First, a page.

The California Supreme Court on Wednesday denied a last-minute challenge to a state law that opens police records to the public and eases what currently is one of the nation’s most secretive police privacy laws.
The high court denied a police union’s petition contending that the law should make public police records only for incidents that happen after the law took effect Tuesday. However, a Los Angeles County judge blocked the release of old records in the state’s largest city until a Feb. 5 court hearing.
Neither court ruled on the merits of the case in their brief orders.
The law was passed in response to national distress over a series of fatal police shootings of unarmed minority men, but applies only when officers are found to have improperly used force or discharged firearms, committed sexual assaults on the job, or have been dishonest in official duties.
The San Bernardino County sheriff’s deputies union asked the Supreme Court to find that the law should only apply to incidents in 2019 or later because the law “contains no legislative direction for a retroactive application.”
It also cites a letter from Los Angeles Police Chief Michel Moore saying that applying the law to older incidents could cost his law enforcement department hundreds of thousands of work hours. The LAPD is expecting “a massive influx in historical records requests” and hiring extra employees and buying expensive hardware and software to comply, Moore wrote.
While the justices refused to block the law or issue a stay, Los Angeles Superior Court Judge Joanne O’Donnell ordered the LAPD not to release any retroactive records while she considers a challenge from the police union.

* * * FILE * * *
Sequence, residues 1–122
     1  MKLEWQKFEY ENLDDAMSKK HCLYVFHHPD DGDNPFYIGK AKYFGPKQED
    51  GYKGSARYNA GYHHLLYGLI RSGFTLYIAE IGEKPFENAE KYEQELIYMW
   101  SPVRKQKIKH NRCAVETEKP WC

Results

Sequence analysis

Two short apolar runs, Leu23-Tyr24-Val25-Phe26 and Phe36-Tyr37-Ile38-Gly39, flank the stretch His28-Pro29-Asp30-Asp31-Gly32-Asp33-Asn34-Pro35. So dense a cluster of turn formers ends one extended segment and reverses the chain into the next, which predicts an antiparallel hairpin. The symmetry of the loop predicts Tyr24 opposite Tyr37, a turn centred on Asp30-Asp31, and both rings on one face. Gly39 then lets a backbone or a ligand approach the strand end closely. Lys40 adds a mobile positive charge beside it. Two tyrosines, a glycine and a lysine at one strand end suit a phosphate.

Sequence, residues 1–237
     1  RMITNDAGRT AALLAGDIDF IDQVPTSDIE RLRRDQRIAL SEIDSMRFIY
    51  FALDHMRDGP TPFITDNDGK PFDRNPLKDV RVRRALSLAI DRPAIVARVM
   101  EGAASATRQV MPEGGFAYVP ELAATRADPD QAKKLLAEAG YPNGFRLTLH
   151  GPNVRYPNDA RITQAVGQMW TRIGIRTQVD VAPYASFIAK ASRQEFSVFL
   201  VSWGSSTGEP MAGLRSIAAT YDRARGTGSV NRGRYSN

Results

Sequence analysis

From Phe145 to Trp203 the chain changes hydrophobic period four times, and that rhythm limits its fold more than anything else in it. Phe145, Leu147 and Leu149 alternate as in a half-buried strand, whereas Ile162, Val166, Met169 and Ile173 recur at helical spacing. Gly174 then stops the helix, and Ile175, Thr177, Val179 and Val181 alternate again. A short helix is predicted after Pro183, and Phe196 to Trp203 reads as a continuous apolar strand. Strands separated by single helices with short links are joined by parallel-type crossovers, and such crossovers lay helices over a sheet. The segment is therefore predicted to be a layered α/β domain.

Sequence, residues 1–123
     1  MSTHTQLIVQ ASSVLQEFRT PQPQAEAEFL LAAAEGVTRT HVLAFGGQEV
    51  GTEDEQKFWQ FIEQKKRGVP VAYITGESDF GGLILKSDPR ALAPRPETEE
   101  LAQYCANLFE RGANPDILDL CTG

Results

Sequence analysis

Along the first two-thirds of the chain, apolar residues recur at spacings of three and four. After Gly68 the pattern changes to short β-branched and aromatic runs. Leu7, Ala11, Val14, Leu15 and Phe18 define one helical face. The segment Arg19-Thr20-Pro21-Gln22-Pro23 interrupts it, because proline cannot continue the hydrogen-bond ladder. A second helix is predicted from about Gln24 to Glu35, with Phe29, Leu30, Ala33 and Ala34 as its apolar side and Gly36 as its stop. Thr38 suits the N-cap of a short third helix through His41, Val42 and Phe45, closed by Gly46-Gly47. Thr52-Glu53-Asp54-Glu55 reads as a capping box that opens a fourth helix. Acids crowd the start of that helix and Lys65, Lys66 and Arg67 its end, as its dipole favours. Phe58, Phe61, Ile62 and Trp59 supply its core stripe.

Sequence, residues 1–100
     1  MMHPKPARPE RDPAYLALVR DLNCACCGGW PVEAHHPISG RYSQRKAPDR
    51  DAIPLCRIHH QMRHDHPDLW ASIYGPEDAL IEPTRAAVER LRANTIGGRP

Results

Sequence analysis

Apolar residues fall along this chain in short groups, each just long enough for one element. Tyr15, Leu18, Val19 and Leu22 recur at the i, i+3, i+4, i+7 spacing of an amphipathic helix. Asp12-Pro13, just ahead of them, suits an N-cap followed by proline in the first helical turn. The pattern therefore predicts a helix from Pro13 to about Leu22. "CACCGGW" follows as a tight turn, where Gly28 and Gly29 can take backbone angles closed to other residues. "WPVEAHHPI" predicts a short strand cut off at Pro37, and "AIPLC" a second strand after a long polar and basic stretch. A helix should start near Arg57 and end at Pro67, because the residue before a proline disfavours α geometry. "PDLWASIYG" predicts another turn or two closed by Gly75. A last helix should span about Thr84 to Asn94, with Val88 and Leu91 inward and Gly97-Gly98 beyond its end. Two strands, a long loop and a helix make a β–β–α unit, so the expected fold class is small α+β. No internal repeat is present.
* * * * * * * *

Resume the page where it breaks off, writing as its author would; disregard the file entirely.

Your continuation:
The law firm representing both unions said in a statement that it expects similar court challenges in counties across California, with potentially conflicting rulings — something it said it was trying to forestall by going directly to the state’s high court.
Peter Bibring, the American Civil Liberties Union’s director of police practices for California, called the unions’ legal arguments “meritless.”
The bill’s author and advocates including some media organizations said legislators clearly intended the law to include any records, no matter how old.
David Snyder, executive director of the pro-transparency First Amendment Coalition, said the justices “saw through this improper effort to short-circuit an important expansion of public access to police misconduct records.”
Media organizations including the Los Angeles Times, radio station KQED and the California News Publishers Association joined the coalition in opposing the challenge.
By signing the bill, termed-out Democratic Gov. Jerry Brown partially reversed his approval 40 years ago of a law imposing some of the nation’s toughest law enforcement secrecy rules.
Organizations representing cities, counties, sheriffs and police chiefs had not taken a position on the union’s challenge. None were aware of other agencies following the lead of Inglewood, where city council members recently voted to destroy old police shooting and internal investigation records.
“It’s the first time in 40 years that California opened up the secrecy around police records,” said the new law’s author, Democratic state Sen. Nancy Skinner of Berkeley.
She added: “Good policing requires community trust, and one way to build that trust is transparency.”